Legendre famously solved the general quadratic equation $$ ax^2+bxy+cy^2+dx+ey+f=0 $$ by noting that \begin{equation*} 4a(b^2-4ac)(ax^2+bxy+cy^2+dx+ey+f) = 0 \tag{$\star$} \end{equation*} along with the assumption $a(b^2-4ac) \ne 0$ forces $ax^2+bxy+cy^2+dx+ey+f=0$, while simultaneously implying the Pell equation \begin{align} &\bigl((b^2-4ac)y-2ae+bd\bigr)^2 - (b^2-4ac)(2ax+by+d)^2 \\ &\hspace{16em}= 4a(ae^2+b^2f+cd^2-bde-4acf). \tag{$\dagger$} \end{align}

Evidently, we could substitute for ($\star$) any equation of the form $$k(ax^2+bxy+cy^2+dx+ey+f)=0,$$ where $k$ is some nonzero constant or function or set of variables, and thence derive another equation like ($\dagger$).

My question is, what other such “complete solutions” have been found?

  • $\begingroup$ this is about it. Complete the square in one variable by multiplying by $4a,$ there is still non-diagonal stuff left, so you do it again, this is the result. Finding the eigenvectors and center generally involves irrational numbers, no good for diophantine equations. $\endgroup$
    – Will Jagy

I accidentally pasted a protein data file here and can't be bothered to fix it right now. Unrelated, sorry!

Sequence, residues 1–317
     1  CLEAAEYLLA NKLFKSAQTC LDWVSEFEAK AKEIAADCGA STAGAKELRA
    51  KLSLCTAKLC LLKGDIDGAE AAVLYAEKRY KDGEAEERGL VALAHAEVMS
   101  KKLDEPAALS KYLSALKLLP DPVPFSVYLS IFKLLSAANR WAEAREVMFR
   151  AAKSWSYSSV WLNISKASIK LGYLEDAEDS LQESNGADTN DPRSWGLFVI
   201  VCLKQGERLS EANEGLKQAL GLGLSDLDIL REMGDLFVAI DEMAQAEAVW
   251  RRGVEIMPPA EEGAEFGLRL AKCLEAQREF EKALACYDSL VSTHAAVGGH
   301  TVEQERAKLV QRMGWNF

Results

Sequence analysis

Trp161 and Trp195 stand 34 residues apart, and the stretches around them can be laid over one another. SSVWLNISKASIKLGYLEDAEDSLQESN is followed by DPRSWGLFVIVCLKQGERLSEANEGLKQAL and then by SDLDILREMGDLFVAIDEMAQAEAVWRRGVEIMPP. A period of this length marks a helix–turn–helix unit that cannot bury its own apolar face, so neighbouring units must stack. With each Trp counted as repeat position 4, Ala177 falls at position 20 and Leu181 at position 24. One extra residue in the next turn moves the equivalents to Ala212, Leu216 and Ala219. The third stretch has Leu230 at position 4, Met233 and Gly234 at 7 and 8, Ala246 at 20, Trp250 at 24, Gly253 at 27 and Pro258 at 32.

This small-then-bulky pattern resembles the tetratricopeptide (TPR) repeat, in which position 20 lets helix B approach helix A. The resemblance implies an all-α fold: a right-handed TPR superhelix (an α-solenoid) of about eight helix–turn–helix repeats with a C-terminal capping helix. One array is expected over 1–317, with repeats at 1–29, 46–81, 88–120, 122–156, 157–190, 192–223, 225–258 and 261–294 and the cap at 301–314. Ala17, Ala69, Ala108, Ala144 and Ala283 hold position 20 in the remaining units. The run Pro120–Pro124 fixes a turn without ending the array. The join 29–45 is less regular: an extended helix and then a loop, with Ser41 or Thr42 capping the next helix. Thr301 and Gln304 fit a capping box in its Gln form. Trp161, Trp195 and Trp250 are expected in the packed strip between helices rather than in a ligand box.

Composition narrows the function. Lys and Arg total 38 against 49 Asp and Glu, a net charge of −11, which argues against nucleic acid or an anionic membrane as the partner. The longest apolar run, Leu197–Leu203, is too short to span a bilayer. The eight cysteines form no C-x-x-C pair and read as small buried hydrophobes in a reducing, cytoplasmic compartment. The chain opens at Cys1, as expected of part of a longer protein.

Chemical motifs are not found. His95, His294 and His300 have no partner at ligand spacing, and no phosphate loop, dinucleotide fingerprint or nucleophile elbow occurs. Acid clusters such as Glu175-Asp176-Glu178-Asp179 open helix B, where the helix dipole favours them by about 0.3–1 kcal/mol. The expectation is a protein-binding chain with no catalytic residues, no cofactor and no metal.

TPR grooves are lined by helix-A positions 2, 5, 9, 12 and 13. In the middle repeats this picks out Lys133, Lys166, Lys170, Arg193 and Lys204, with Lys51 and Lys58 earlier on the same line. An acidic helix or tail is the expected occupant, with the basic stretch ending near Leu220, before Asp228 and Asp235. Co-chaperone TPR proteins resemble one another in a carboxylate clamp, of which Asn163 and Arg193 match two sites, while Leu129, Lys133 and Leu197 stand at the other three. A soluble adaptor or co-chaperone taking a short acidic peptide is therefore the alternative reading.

Commented Sep 26, 2014 at 18:13
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    $\begingroup$ You can make $\dagger$ slightly more concise as, $$(D y - 2a e + b d)^2 - D(2a x + b y + d)^2 = 4a(a e^2 + c d^2 - b d e + D f)$$ with discriminant $D = b^2-4ac$. $\endgroup$ Commented Dec 2, 2014 at 16:27
  • $\begingroup$ @TitoPiezasIII: Thanks! I do prefer the original, though, as it doesn't obscure the original variables. =) $\endgroup$ Commented Dec 2, 2014 at 17:45
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    $\begingroup$ The general case actually yields two Pell equations. See this post. Also, a related post. $\endgroup$ Commented Mar 31, 2016 at 20:05
  • $\begingroup$ @TitoPiezasIII: If you post an answer, I'll accept it and get this question off the Unanswered queue. $\endgroup$ Commented Mar 6, 2018 at 19:43


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